It was also slightly disappointing not to see Black & Bruised stretch the limits of realism with crazy combo specials and wacky moves. Since this game has so much personality, one would expect to see that carried through to its logical conclusion. Digital Fiction can't be faulted too much for not going somewhere no boxing game has gone before, but they do show that a revolutionary art style does not revolutionize an entire game.

Third Round: One-Two Punch

Despite how quickly the single player boxing mechanics get repetitive, the developer saves the game with two unique and fun additions to the gameplay. The first is the Boxer's Life mode which offers clever storylines with different challenges based on each character.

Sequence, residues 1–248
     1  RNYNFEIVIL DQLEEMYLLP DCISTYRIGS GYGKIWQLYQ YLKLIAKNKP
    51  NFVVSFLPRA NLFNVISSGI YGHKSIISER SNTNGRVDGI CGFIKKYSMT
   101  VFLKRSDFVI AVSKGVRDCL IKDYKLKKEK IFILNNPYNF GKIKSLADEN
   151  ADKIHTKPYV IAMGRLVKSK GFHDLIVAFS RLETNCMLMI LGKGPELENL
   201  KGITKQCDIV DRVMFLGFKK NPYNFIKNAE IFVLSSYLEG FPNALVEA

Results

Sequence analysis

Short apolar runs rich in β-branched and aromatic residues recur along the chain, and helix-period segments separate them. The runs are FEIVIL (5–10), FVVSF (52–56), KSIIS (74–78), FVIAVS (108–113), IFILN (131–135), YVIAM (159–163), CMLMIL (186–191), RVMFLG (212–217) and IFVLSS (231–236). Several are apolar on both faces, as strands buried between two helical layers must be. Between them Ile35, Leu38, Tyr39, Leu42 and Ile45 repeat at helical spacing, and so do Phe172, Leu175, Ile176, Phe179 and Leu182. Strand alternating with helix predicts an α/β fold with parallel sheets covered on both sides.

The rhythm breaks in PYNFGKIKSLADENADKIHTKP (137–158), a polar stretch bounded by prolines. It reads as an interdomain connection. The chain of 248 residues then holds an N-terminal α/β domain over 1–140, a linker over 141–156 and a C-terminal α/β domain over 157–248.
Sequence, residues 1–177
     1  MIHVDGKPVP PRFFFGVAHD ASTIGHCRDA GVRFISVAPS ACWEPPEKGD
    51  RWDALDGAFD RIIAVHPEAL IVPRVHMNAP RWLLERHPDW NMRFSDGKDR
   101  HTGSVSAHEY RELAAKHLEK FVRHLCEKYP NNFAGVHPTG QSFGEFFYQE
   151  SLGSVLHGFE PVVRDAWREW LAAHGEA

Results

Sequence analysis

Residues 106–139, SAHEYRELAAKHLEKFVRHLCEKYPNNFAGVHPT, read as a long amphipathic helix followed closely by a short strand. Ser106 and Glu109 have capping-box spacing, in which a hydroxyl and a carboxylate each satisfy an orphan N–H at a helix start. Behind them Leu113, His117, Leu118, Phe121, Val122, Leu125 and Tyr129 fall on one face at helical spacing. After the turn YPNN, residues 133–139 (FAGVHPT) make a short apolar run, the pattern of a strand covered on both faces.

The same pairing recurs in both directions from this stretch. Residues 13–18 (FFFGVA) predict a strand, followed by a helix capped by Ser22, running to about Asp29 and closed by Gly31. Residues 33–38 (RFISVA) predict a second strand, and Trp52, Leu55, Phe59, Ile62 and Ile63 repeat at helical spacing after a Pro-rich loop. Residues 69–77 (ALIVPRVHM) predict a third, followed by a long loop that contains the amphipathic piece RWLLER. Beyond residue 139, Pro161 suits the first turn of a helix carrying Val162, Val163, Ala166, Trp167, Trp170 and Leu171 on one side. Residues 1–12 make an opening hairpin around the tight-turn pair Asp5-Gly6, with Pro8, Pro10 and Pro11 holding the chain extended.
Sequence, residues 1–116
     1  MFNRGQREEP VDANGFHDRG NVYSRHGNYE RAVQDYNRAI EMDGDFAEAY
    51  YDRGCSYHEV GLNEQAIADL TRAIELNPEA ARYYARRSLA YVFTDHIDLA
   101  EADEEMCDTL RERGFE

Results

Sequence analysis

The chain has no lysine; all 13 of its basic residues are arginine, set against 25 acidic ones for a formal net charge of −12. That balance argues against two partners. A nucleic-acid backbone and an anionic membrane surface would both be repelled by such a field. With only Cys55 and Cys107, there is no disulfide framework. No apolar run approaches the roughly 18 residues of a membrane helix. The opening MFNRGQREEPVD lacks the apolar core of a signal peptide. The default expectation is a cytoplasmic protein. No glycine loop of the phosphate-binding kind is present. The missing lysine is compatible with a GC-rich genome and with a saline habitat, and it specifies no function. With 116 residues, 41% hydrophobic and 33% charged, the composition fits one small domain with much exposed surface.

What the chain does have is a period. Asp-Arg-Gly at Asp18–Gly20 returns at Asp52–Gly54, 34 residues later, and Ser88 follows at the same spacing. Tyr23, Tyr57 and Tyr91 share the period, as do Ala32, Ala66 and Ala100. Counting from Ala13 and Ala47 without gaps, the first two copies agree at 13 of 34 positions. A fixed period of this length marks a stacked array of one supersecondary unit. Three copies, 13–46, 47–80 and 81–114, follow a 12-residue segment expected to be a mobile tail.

Starting the first bout with Knuckles Nadine in Boxer's Life we learn that she likes to sing, but seems to have no talent for it. The first fight is set up after Jumping Janet throws a horseshoe at Nadine that hits her in the face. The key to this rumble is paying extra attention to Nadine's left cheek (where the horseshoe impacted) since hits there will do more damage. This kind of detail creates a varied and engaging experience. In El Luchador's storyline, he saves his impoverished town from having their water supply tainted with green dye at the expense of taking it in the face. The entire following match, your vision is impaired by a green film over the screen. Each Boxer's Life offers completely different storylines and obstacles to overcome, which may include fighting with one hand only, protecting various parts of your body more than others, completing a KO within a specific time limit, or having to fight on uneven fields such as when you're extremely tired, or against fighters that take more knock downs than most.